Even with the new austerity measures and a second bailout, many investors still think Greece is heading for some sort of default because its overall (euro) 340 debt burden is too great.”
Filed under: war-machine | Tags: Athens, general strike, Greece, occupation, riot, riot dog, syntagma square
Filed under: war-machine | Tags: anarchy, Athens, austerity, crisis, fire, general strike, Greece, police, riot, street battles
From Occupied London:
“More than 100,000 people marched in central Athens today against the freshly-voted labour relations law and the austerity measures imposed by the government and the EU/IMF/ECB troika. One of the most mass demonstrations the city has seen in recent times was met by brute police violence; the police, nevertheless, proven unable to quell peoples’ anger. A former conservative minister, Kostis Hatzidakis, made the unfortunate decision to be present at Stadiou Street at the time of the demonstration and felt the anger of the demonstrators, quickly leaving the scene injured. Street-fighting erupted across the city, which saw chaotic scenes for hours. Barricades were erected across Patision Avenue, which leads to the Polytechnic School; waves of demonstrators arriving at Syntagma square, outside Parliament, fiercely fought with the police. An – eventually unsuccessful – attempt by demonstrators to occupy the building of GSEE (the country’s mainstream trade union) saw people fighting off the notorious Delta motorcycle police and two of their bikes were set ablaze.”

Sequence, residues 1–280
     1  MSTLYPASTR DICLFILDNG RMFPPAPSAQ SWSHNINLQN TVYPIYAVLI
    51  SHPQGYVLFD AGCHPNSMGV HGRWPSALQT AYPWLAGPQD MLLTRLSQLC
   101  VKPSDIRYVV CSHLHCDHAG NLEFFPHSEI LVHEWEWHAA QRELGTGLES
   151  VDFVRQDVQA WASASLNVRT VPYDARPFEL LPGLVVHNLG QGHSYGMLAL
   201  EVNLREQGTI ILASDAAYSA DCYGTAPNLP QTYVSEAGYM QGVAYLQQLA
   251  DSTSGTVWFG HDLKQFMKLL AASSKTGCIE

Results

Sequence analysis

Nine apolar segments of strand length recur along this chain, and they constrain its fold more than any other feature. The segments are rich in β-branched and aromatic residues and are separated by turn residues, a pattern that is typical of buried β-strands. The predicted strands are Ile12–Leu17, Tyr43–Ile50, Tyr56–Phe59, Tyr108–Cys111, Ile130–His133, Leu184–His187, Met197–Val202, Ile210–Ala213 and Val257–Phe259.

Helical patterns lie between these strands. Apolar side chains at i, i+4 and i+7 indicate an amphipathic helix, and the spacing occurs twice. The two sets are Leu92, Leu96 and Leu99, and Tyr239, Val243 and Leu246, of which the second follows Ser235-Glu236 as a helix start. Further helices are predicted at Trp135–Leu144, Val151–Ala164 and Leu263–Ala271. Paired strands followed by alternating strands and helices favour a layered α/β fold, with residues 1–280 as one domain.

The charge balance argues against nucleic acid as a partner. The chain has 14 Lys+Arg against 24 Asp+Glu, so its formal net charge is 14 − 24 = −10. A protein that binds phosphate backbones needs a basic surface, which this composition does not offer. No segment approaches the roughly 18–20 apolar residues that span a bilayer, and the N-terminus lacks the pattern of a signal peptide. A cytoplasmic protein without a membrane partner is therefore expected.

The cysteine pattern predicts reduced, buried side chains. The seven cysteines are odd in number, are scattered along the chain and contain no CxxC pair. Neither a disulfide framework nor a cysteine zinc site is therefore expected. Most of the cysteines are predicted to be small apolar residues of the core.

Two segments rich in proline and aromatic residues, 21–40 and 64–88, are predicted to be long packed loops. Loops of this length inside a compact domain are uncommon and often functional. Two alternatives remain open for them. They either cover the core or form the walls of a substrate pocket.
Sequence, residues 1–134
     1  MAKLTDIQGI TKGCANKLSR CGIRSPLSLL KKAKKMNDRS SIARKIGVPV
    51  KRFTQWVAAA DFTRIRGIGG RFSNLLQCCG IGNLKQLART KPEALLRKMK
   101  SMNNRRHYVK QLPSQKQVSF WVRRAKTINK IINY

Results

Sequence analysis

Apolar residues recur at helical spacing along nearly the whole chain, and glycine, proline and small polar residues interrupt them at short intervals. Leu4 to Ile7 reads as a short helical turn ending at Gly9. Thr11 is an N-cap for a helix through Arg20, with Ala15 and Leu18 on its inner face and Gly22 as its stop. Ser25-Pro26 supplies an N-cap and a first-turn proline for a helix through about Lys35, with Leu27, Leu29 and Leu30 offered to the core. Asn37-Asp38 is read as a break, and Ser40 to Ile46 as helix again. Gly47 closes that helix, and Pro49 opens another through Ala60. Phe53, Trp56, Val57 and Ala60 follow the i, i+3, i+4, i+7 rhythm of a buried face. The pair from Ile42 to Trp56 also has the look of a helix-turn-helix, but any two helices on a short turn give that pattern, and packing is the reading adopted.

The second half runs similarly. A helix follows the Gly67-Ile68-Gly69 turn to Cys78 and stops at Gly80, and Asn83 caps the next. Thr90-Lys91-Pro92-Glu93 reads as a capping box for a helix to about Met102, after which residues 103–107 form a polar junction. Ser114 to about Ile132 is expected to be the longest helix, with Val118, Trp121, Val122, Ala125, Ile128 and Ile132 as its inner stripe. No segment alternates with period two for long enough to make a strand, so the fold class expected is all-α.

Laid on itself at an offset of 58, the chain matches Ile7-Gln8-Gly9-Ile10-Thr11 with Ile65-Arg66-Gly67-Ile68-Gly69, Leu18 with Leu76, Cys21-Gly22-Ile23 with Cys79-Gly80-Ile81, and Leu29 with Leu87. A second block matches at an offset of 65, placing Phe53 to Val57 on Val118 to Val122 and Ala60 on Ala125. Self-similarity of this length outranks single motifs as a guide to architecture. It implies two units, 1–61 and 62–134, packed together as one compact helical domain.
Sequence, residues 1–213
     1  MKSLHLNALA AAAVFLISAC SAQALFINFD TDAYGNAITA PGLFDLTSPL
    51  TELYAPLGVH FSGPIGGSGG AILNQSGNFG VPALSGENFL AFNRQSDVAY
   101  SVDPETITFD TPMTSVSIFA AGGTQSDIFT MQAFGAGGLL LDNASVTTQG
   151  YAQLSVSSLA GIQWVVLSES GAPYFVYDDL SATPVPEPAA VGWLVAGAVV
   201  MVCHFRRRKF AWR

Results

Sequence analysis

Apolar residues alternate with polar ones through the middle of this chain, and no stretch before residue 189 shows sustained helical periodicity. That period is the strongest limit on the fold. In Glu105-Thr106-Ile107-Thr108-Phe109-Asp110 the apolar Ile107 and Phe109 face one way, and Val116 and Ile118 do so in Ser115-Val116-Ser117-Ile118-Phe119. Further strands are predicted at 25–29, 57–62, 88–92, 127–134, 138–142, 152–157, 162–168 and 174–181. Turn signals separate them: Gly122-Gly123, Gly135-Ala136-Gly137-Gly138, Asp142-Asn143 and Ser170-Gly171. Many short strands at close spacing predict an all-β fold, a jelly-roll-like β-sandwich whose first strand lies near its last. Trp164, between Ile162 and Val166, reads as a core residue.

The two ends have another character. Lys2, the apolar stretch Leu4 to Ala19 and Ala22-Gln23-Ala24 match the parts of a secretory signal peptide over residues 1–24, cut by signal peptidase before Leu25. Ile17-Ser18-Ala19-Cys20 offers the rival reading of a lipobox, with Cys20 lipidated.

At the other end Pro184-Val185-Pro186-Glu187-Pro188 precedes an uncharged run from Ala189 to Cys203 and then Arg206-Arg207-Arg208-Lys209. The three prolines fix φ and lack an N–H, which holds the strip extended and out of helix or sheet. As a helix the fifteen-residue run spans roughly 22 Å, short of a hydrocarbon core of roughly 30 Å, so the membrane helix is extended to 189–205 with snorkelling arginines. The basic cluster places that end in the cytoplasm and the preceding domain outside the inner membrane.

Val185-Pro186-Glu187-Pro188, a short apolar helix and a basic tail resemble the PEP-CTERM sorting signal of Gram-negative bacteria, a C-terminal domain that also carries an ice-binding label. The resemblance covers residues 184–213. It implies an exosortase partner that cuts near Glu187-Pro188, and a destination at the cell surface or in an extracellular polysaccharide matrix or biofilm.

Earlier in the day:
At 16:00 (GMT+2) protesters in Athens were clashing with riot police in front of the Polytechnic, while barricades have been erected all along Patision st. and the sourounding Exarcheia. Thousand of people refuse to leave the streets and the squares of the city -after the more than 100,000 strong march, they are regroupinhg all around the centre and clash with the police for most of the day. The atmosphere smells of tear gas while rubbish bins are in flames everywhere downtown.